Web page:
Researchers from the University of California tested gene-drive technology in mice. This controversial application of CRISPR, capable of altering the genomes of entire species, has been applied to mammals for the first time. Although the developed technology has a long way to go before being used for pest control in the wild, it could be useful in basic research.

Gene drives are used to pass chosen mutations onto nearly all of the animal’s offspring. It has already been tested in mosquitoes as a potential malaria-control strategy. The technology is also interesting as the possibility to rid off invasive rodent pests.

A research group led by Kim Cooper, a developmental geneticist at the University of California, San Diego, posted an article on the bioRxiv pre-print server. Researchers developed the gene drives in lab mice (Mus musculus). The technique worked inconsistently and numerous technological barriers remain before researchers could even consider releasing the tool into the wild.

“There’s an indication it could work, but it’s also sobering,” Paul Thomas, a developmental geneticist at the University of Adelaide in Australia, whose lab is doing similar work, said for Nature. “There is a lot more to do before you could consider gene drives for a useful tool for population control of rodents.”

Gene drives are useful to quickly spread a mutation or foreign gene through a population.  The aim is to ensure that a higher proportion of an organism’s offspring inherits a certain, “selfish” gene. Gene drives occur naturally in some animals where they can cause death or infertility. The CRISPR–Cas9 has led to the development of synthetic gene drives that are designed to eliminate problem species. One way is to ensure that offspring are infertile.

CRISPR-based gene drives use the gene-editing tool to copy a mutation on one chromosome to the second of the pair. Cooper’s group did not attempt to develop a gene drive to make lab mice infertile or to eradicate problematic animal populations. Their research was oriented toward creating a mutation that gives mice all-white coats. The goal was to create a test bed for the technology.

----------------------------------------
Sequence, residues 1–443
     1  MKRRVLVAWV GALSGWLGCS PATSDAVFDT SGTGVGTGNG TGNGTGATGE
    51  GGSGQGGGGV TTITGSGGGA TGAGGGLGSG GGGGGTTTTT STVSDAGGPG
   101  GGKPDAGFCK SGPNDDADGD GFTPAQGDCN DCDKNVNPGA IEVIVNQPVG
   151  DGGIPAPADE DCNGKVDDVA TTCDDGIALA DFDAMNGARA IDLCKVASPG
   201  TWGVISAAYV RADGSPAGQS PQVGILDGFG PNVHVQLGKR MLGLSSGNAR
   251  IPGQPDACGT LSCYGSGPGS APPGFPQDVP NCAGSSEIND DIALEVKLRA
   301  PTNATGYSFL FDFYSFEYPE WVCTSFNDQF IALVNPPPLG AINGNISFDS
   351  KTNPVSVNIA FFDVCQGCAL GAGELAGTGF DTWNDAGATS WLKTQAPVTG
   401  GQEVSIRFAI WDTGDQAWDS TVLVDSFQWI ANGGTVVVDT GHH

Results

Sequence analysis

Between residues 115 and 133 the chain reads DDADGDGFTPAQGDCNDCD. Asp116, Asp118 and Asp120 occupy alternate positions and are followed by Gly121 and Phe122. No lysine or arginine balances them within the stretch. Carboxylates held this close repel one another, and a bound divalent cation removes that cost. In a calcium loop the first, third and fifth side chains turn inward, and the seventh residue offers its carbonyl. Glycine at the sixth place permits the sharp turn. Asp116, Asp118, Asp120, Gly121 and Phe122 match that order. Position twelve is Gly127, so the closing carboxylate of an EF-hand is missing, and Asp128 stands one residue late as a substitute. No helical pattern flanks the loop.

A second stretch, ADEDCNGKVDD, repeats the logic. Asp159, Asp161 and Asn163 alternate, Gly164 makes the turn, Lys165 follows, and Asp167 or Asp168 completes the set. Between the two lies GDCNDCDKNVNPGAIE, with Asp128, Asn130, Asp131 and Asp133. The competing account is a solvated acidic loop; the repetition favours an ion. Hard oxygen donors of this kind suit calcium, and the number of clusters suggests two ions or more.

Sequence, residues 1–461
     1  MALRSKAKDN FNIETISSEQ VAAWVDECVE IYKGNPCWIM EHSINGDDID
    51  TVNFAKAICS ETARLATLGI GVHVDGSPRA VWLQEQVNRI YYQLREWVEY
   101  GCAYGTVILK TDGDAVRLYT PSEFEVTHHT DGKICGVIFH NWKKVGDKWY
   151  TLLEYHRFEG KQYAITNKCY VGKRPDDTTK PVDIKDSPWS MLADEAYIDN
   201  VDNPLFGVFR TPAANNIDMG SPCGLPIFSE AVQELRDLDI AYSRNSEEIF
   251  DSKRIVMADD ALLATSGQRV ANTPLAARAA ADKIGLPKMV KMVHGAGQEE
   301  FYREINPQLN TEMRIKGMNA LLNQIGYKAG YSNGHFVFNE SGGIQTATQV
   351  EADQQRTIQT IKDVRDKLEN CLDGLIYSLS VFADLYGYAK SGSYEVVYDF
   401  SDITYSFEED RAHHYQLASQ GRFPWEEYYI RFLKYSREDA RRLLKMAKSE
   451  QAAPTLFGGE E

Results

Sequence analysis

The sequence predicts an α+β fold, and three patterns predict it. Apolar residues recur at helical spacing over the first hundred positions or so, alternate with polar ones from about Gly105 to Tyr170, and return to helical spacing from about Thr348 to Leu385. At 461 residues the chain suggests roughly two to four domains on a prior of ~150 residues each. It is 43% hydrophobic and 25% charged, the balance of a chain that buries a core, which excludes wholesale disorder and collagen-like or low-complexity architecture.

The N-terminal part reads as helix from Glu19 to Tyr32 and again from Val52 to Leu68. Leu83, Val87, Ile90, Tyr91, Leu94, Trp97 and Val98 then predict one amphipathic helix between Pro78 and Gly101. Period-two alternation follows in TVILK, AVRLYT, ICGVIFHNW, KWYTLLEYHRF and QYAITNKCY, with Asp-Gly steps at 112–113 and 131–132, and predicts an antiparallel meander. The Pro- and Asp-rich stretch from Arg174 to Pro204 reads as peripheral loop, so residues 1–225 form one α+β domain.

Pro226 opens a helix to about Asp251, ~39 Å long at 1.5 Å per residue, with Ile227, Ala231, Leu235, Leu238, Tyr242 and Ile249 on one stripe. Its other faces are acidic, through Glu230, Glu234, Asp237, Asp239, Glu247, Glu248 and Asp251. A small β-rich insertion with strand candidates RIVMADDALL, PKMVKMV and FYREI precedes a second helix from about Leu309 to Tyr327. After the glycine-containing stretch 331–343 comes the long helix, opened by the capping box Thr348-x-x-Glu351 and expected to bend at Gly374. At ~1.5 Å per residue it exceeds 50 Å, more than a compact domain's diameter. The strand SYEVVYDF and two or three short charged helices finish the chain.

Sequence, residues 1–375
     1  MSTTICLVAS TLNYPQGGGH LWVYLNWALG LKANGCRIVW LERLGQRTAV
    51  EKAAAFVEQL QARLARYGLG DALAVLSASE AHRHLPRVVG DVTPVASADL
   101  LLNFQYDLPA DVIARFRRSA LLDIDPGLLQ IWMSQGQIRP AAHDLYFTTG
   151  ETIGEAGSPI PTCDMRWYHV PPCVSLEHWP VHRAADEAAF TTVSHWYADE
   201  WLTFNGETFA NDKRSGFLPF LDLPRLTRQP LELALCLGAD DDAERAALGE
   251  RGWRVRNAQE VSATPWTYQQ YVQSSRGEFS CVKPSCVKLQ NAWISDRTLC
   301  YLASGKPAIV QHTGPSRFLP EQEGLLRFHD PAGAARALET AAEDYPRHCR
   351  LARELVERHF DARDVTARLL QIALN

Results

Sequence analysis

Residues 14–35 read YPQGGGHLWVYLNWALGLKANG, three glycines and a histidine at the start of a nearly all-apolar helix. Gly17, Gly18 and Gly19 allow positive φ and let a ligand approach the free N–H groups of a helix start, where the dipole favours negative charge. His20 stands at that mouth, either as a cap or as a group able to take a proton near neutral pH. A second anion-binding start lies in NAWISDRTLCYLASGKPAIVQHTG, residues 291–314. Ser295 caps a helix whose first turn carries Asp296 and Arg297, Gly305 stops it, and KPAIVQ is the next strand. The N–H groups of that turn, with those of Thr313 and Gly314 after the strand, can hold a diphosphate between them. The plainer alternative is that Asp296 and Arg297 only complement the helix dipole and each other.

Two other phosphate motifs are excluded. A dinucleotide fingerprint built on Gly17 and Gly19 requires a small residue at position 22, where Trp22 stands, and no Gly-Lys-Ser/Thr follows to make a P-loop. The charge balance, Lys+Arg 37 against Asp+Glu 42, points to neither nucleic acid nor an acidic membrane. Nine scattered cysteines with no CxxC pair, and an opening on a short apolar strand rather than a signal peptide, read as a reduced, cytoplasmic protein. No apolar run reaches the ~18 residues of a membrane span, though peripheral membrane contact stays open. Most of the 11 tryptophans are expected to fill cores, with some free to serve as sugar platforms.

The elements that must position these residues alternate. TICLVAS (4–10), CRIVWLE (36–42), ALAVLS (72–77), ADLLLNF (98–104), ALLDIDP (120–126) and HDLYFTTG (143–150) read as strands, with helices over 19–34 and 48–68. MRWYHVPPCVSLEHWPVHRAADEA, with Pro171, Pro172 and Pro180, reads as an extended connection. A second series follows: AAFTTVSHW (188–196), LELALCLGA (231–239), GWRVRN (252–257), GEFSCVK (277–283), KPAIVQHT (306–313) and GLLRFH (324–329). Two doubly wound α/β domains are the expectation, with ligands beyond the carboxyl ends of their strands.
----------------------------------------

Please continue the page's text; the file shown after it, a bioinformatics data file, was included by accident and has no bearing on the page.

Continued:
Group worked with mouse embryos and the results were inconsistent. The mutation was not always copied correctly, and the process worked only in female embryos. They estimated that this could lead to a mutation being transmitted to about 73% of a female mouse’s offspring, on average, instead of the expected 50%. The results show it would take many generations for the gene drive to spread through an entire rodent population. Therefore, species would have enough time to evolve resistance. On the other hand, this technology might become more efficient than existing technologies at producing transgenic lab animals that model diseases caused by multiple mutations.

Thomas describes the results as a “reality check” for efforts to develop gene drives in rodents. “It gives an indication to how much further there is to go,” Thomas said. “Future work should seek to improve efficiency, as well as understand why the technique doesn’t work in male mice.”

A consortium called Genetic Biocontrol of Invasive Rodents, or GBIRd, hopes to deploy gene drives against rats and mice on islands and on land. “We’re hopeful that this might be a tool that could serve the island restoration community,” said Heath Packard, director of Island Conservation in Santa Cruz, California, a GBIRd partner that focuses on eradicating invasive pests, “but we don’t know if it’s going to work.”

Gene drives, which could be contained on islands, are still a technology worth investigating, he added.

Learn more about the risks and benefits of gene drives in the video below:

By Andreja Gregoric, MSc